“Golden rice is a genetically-modified organism, meaning it now has a set of genes that never existed in rice… scientific data from independent scientists have reported unintended compositional alterations associated with genetic transformations.” – Dr. Chito Medina, Masipag
By RONALYN V. OLEA
MANILA – On the occasion of World Consumers Day, an alliance of organizations of farmers, scientists and consumers called on President Benigno Aquino III to shelve plans to make the genetically-modified golden rice available to the local market.
The Philippine Rice Institute (Philrice) has finished the field testing of golden rice in Camarines Sur, Ilocos Norte, Isabela and Nueva Ecija, according to the International Rice Research Institute (IRRI). Golden Rice will be made available to farmers and consumers in the Philippines once the Department of Agriculture-Bureau of Plant Industry approves it.
IRRI claims that golden rice is the solution to Vitamin A deficiency as it contains beta carotene, a source of vitamin A. Vitamin A deficiency is the leading cause of blindness among children. Vitamin A deficiency also impairs the immune system.
Members of the Resistance and Solidarity against Agrochemical TNCs (Resist Network), a broad alliance of 55 organizations and institutions that promotes natural and sustainable farming, said that golden rice is but a “public relations product of transnational agrochemical corporations to push for genetically-modified organisms (GMO).”
“The so-called benefits of golden rice are not true,” Dr. Chito Medina, national coordinator of Magsasaka at Siyentipiko para sa Pag-unlad ng Agrikultura (Masipag), said in a press conference, March 15.
Medina said the golden rice, after more than ten years of research and development, has not been subjected to biosafety test, toxicity studies and molecular characterization.
“Golden rice is a genetically-modified organism, meaning it now has a set of genes that never existed in rice. We have to be extra careful in dealing with GMOs such as golden rice as scientific data from independent scientists have reported unintended compositional alterations associated with genetic transformations,” Medina explained.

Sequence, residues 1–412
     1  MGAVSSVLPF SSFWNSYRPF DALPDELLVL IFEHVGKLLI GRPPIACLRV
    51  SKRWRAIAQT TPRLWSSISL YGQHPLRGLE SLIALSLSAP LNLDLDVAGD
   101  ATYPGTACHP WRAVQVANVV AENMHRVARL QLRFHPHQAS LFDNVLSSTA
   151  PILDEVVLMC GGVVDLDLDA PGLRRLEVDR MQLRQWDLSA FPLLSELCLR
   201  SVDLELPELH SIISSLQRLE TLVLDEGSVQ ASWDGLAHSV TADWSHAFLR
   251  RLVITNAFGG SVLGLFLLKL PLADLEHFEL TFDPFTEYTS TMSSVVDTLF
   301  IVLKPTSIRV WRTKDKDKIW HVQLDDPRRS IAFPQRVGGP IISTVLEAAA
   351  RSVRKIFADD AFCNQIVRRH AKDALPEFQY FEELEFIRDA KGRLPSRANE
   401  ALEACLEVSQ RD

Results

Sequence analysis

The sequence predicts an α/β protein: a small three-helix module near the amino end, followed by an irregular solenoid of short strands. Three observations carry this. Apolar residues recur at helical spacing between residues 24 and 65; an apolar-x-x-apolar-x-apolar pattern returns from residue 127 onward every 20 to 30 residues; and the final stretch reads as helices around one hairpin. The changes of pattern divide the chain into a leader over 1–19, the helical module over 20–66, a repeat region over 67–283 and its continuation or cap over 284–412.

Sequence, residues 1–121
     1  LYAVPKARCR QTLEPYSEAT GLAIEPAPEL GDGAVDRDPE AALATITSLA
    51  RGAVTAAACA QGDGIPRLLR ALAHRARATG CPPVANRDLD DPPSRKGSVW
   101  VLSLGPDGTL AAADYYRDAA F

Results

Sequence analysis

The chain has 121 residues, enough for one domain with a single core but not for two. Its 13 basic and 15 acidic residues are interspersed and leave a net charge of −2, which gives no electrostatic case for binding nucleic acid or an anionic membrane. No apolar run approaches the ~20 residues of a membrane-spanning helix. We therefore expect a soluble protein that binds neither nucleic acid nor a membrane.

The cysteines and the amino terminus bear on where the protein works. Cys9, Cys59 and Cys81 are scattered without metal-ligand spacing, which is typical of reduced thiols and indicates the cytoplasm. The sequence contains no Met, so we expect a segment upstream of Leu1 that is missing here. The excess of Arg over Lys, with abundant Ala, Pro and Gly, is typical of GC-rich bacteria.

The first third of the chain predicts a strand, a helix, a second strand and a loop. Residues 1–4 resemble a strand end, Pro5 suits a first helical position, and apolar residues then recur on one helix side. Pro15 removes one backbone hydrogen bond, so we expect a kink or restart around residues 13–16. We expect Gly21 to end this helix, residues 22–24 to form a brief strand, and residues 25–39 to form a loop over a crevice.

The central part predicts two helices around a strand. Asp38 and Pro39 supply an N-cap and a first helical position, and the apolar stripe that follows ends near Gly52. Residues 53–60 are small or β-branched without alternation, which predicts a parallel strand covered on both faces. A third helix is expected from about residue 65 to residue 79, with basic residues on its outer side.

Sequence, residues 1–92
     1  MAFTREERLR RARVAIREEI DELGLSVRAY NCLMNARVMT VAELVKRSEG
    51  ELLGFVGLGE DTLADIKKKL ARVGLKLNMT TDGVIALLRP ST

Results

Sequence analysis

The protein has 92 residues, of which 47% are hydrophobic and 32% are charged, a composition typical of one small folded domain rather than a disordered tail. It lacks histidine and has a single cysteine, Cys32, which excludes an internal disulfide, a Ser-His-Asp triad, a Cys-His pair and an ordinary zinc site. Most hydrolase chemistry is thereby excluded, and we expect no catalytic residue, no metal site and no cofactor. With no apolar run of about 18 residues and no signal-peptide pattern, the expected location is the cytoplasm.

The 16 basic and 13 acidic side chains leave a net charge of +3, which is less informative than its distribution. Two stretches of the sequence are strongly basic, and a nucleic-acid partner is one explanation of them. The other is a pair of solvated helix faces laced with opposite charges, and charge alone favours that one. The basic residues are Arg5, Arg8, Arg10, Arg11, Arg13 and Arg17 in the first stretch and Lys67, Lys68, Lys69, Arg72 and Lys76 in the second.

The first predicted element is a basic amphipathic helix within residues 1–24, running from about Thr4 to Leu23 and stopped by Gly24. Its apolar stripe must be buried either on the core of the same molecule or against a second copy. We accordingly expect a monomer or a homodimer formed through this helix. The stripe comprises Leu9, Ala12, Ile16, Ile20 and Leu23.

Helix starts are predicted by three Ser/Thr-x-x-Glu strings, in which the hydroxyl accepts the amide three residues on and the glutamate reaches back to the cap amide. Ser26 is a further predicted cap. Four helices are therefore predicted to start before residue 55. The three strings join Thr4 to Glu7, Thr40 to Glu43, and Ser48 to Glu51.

Medina said that carotenoids have 200 types, some of which are anti-nutrients or those that prevent the absorption of other nutrients by the body. The IRRI, Medina said, has not made substantial, scientific study on golden rice. “If a study has been made, it has not been made available to the public,” he said.
“It’s a Trojan horse for consumers to accept GMO,” the scientist said.
Not guinea pigs
For her part, Jhana Tejome of the Philippine Network on Food Security Programmes (PNFSP) said Filipinos must not allow their children to be fed with golden rice.
“Do not make guinea pigs out of our children,” Tejome said.
After the government approves the golden rice, efficacy tests will be conducted among the Filipino people.
“Golden rice sends a wrong message on how to address malnutrition and hunger,” Tejome said. “Instead of increasing diversification of food sources, which also provides much needed nutrition, the people are being offered a single crop that addresses only the Vitamin A deficiency.”
Data from the Food and Nutrition Research Institute shows that the incidence of Vitamin A deficiency among children with ages six months to five years old decreased from 40.1 percent in 2003 to 15.2 percdent in 2008. Cases among pregnant women and nursing mothers also dropped in the same period.
Medina pointed out that vegetables, fruits and food crops containing beta carotene are abundant in the Philippines. Among these are spinach, sweet potato, carrots, papaya, mango and melon.
“We see that golden rice is masking the real problems of malnutrition and will only make it worse,” Tajome said. “Instead of providing a solution to the ever increasing prices of basic commodities, we are being offered with rice with beta carotene as ‘pakonswelo de bobo’ (fool’s offering).”
Meanwhile, Antonio Flores, spokesman of Kilusang Magbubukid ng Pilipinas (KMP), called on the government to stop the commercialization of golden rice.
“We assert our right to safe and adequate food,” Flores said.
Medina criticized the Department of Agriculture for “sending mixed signals to farmers.” “The DA says they are promoting organic agriculture but they also encourage the use of chemicals and GMOs. They should put their act together.”
Flores also said the rice self-sufficiency program of the Aquino government is bound to fail.
The Aquino administration targets palay production of 21.11 million tons by end of 2013 and 22.49 million tons of palay by end of 2016.
“How can we attain rice self sufficiency when in fact there is no concrete plan and program that would carry on the improvement of agricultural productivity?” Flores asked.
The peasant leader said that last year, the DA allotted a measly P452 ($11) each for the country’s 2.7 million rice farmers.
“Worse, the Aquino government only continues the same policies that have kept domestic agriculture backward, low-yielding and labor-intensive,” Flores added.
Challenge to candidates
Medina urged voters to junk candidates who are pro-GMO and support those who stand against GMOs.
“We call on candidates to uphold the rights of consumers to safe food,” he said.